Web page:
A total of about 120 full transit voyages took place from 2010-2013 with icestrengthened cargo vessels transporting different types of cargo at different times during the summer-autumn navigational season and encountering different seaice conditions and other weather-related operational conditions. These demonstration voyages showed that NSR can be relatively safe and reliable with escort and guidance from the Russian icebreaking fleet and use of Russian ice pilots (navigators). But to be of interest for commercial shipping, the NSR needs to provide not only needed safety but also predictability and punctuality of cargo transport. Regularity of year-round supply of goods is no less important than the cost of transportation. The current limited seasonal window for trans-Arctic voyages of five months (July-November) will be a limitation to the NSR’s full development and economic viability. To make the NSR safer and more reliable as a transport route both for Arctic resources as well as more attractive as an alternative trade route between markets in NW Europe and NE Asia, a number of important changes need to take place.
This includes strengthening NSR’s overall administration and management, transport services, and last but not least maritime infrastructure.
Today in Russia there is no single organization that oversees all NSR activities. Such an organization should determine tariff rates, predict future NSR traffic, cargo volumes, and demand for icebreaker assistance and other support services.
The NSR management also needs to find ways to reduce risks of shipping delays due to sea-ice by improving sea-ice predictions and ice reconnaissance. The tariff system needs to be user friendly and fees competitive and similar to canal fees on southerly routes (Suez/Panama). Icebreakers and ice pilot services are key elements of the NSR’s support services. Sufficient icebreaking capacity needs to be available to assist vessels in transits and to keep the route open. The problem is that Russian icebreakers have since 2014 been primarily engaged in Arctic oil and gas projects and this will likely continue to be the case over the next several years.
We need a detailed study that shows the structural and design characteristics of a new NSR transport and logistics system – a system that we would like to see put in place in the near future, for example by 2040 or 2050, to satisfy our safety, reliability and environmental requirements. All stakeholders need a clearer picture of how various components of the logistics chain are tied together and how the whole logistics system should operate and function.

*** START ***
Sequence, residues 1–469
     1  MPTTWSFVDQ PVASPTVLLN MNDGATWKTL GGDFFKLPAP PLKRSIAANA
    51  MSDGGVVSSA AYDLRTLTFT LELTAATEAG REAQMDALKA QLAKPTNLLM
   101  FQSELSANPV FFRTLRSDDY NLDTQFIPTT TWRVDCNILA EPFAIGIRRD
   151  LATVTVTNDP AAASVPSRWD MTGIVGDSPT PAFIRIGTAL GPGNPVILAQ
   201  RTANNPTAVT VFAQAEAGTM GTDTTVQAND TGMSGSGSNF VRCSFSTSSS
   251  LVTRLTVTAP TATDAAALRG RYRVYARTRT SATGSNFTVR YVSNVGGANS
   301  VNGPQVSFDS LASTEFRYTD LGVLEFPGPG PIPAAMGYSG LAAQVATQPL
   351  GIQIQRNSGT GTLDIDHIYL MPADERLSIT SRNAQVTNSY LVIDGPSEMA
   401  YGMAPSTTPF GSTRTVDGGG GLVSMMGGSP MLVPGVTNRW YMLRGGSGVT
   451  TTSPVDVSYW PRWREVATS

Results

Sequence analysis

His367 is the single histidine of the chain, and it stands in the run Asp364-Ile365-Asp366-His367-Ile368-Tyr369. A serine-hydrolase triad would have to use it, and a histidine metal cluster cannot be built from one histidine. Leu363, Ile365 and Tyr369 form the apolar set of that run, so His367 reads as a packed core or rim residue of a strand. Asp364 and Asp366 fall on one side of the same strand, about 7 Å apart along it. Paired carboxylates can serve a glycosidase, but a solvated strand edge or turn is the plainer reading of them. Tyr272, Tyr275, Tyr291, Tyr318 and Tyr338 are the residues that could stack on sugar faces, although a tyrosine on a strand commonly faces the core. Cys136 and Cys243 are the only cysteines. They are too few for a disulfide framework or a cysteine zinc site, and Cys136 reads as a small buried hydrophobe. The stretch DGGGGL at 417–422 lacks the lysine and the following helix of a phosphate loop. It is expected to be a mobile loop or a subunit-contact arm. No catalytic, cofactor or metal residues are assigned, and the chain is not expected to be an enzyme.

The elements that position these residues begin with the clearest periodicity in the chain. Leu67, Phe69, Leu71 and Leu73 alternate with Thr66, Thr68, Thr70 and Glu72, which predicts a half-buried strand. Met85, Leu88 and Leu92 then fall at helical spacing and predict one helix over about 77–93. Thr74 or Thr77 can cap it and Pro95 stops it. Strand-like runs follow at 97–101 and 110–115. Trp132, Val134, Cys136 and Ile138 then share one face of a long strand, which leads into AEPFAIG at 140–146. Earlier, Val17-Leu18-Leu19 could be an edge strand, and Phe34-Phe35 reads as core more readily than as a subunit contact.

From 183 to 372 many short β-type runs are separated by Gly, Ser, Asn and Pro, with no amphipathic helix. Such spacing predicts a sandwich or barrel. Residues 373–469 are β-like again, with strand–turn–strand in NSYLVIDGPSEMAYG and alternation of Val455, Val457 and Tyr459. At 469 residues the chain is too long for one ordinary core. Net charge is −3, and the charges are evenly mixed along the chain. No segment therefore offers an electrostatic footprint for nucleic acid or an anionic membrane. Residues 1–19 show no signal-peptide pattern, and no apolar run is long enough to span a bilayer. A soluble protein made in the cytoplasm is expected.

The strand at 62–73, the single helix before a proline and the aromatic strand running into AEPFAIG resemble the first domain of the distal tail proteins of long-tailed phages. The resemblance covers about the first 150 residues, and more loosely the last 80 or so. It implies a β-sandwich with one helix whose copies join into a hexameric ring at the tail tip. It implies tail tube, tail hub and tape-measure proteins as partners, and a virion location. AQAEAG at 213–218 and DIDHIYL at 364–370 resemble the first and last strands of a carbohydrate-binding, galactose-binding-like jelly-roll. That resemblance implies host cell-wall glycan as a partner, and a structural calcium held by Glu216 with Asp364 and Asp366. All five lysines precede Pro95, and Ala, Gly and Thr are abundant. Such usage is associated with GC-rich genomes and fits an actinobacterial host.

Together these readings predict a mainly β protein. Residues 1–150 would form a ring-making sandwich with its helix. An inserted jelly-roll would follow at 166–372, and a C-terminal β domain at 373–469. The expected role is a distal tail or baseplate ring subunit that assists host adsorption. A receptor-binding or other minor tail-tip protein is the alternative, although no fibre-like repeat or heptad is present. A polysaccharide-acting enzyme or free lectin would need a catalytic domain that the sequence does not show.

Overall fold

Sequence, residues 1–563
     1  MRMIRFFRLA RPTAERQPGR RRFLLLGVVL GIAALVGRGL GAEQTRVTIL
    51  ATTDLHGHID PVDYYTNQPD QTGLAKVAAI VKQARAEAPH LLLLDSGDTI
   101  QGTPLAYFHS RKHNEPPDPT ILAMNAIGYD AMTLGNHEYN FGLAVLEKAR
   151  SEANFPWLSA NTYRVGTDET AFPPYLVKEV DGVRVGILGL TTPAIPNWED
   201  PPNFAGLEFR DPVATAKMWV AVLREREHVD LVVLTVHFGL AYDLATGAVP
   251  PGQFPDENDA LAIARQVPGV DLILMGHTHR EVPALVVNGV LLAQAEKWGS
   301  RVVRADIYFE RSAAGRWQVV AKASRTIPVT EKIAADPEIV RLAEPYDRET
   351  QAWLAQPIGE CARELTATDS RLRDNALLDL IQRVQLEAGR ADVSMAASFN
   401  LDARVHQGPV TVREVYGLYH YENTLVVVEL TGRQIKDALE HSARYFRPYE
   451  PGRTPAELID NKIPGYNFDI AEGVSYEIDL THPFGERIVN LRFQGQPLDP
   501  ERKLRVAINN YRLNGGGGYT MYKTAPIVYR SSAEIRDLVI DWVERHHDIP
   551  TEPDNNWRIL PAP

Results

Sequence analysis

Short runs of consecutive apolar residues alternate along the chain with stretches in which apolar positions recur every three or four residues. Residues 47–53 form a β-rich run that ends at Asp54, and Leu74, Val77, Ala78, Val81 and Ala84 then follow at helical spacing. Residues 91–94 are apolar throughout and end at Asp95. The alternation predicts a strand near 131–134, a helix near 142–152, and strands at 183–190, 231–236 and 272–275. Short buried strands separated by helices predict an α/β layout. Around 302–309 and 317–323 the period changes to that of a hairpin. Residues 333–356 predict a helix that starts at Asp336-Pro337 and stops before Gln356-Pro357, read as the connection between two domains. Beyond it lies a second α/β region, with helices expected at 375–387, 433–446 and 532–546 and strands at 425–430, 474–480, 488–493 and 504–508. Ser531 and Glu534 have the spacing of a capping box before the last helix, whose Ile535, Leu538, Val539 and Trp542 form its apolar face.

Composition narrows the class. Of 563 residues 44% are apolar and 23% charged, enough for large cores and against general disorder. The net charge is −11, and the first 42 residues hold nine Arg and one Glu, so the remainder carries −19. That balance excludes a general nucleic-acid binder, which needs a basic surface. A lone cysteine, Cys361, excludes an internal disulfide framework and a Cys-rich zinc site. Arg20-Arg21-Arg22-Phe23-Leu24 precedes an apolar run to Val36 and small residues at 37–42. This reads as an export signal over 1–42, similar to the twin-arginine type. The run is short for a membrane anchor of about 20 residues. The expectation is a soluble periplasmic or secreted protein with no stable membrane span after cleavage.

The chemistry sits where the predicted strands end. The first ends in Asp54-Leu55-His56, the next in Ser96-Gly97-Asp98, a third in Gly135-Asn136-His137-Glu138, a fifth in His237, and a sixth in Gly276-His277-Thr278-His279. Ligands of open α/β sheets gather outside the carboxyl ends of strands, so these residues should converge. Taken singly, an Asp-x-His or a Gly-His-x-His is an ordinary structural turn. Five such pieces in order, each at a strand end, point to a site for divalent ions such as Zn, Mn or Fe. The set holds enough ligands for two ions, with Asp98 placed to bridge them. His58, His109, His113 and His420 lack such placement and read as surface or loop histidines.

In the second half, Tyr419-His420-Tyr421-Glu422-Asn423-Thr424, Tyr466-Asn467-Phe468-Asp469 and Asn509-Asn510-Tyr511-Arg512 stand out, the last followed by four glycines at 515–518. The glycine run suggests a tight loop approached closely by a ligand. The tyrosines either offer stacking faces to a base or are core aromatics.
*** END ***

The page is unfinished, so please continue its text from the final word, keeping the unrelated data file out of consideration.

Full-scale, year-round transit shipping on the NSR requires different physical infrastructure and support services than the current seasonal operation during the five months of summer and early fall which is taking place in largely ice-free waters. The build-up of new infrastructure will take many years and will be costly. Infrastructure build-up is also needed along the whole length of the North East Passage not just the Russiandefined borders of the NSR. Without cost-sharing the up-front capital costs of establishing proper maritime infrastructure are prohibitive and too high for Russia to take on alone. If an agreement is reached on the design of a new NSR’s maritime transportation and logistics system then the next step is establishing international cooperation and partnerships for putting the required infrastructure in place. Russia has already stated that ideal partners would be countries in NE Asia that see benefit in greater access to Russian Arctic resources and a shorter trade route to to NW Europe (China, South-Korea and Japan).
This piece is adapted from an article previously published in The Maritime Executive with the permission of the author.